The time is passing so quickly, and there are many places we wanted to go, but just not enough time to make them happen. We are in Stockholm now, and it's clear that one could spend several weeks here and just begin to scratch the surface. But today we are leaving, heading for the Åland Islands in Finland.
Let me back up a little bit. I last wrote when we were in Västervik, surrounded by reminders that Björn Ulvaeus (ABBA) was a beloved local hero. We left there headed for an island anchorage to be determined. It was a lovely passage through the Swedish southern archipelago. This could be the San Juans or the Canadian Gulf Islands. Great swaths of glaciated granite push up from the water, topped with twisted trees or sometimes whole forests. In the San Juans the red-barked trees are madrona (arbutus); here they are a variety of pine. Most of the boats (whether sail or motor) will nose right up to the granite shore, throw out a stern anchor a short distance, and then tie on to a tree or ring on shore. You climb off the bow right onto the shore, so you don't need a dinghy. There are no tides to speak of here, and this is just the way it is done. But Craig tends to worry about whether the anchor is sufficiently set, and what happens if a wind comes up from the stern and pushes you right onto shore. So I think there's no risk we'll ever do the "nosing up to the shore" thing. We'll anchor out and inflate our dinghy when and if there is a need.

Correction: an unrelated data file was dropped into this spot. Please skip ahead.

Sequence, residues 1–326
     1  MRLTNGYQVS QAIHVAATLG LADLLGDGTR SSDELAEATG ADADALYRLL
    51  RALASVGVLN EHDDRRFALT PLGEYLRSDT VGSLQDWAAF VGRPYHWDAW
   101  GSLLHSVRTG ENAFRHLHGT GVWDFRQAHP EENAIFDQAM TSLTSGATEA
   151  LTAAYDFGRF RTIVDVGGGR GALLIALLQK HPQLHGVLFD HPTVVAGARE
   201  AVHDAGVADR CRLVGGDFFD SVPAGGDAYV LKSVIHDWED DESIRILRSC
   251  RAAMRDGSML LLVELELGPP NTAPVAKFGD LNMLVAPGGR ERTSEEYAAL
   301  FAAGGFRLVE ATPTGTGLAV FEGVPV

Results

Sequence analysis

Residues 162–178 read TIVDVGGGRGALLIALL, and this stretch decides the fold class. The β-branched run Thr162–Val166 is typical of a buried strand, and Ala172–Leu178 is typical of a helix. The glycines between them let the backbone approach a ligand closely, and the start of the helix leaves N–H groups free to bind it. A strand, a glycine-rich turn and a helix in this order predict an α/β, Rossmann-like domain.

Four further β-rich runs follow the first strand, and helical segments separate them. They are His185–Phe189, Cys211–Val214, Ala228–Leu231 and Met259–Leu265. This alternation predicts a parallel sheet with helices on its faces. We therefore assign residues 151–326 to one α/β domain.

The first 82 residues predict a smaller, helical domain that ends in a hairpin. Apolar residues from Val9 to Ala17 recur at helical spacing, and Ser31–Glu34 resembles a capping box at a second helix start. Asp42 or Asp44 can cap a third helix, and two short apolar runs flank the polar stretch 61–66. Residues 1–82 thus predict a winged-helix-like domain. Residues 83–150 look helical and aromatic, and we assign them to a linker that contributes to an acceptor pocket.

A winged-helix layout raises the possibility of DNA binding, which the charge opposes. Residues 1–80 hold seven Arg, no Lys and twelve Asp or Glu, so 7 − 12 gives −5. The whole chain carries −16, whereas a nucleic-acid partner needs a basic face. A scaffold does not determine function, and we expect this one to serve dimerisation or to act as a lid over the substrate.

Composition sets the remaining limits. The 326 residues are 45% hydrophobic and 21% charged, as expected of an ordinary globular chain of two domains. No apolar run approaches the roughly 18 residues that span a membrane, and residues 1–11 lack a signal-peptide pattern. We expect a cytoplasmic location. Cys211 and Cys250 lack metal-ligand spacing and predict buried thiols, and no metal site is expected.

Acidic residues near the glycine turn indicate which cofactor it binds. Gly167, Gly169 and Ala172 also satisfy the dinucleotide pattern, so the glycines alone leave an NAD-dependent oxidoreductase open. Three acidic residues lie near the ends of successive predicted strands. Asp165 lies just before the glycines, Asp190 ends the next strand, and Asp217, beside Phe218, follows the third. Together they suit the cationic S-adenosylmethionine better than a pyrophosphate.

Above: Gubbö kupa, typical mooring method in the Swedish archipelago.
While in Västervik we had managed to acquire a cruising guide to the southern archipelago. This is not the one the sardonic British cruiser/writer had referred to as "the Bible", but it does have excellent chartlets and aerial (drone?) photos of all possible anchorages on sunny days. It is breathtakingly expensive, but having gotten ourselves here, we decided to bite the bullet and buy the guide. All the descriptions, of course are in Swedish. I've downloaded the Google Translate app for Swedish, and in theory you can point your phone's camera at a page of Swedish, and it will show you the page translated into English. But Google Translate certainly hasn't heard of most nautical words, and what tends to come up is a lot of gibberish. (I have found it useful, though for translating labels on packages of food in the grocery store - "Cold smoked salmon" - YES!!)
But I digress - Using the new book, we chose an anchorage named Gubbö kupa. It was very much like many Pacific Northwest anchorages, a horseshoe bay protected from three sides, and room for a lot of boats. We were fortunate there was only one other boat that wanted to anchor. We spent a quiet evening there, enjoyed another beautiful sunset and slept well, before setting off again in the morning for Nynäshamn.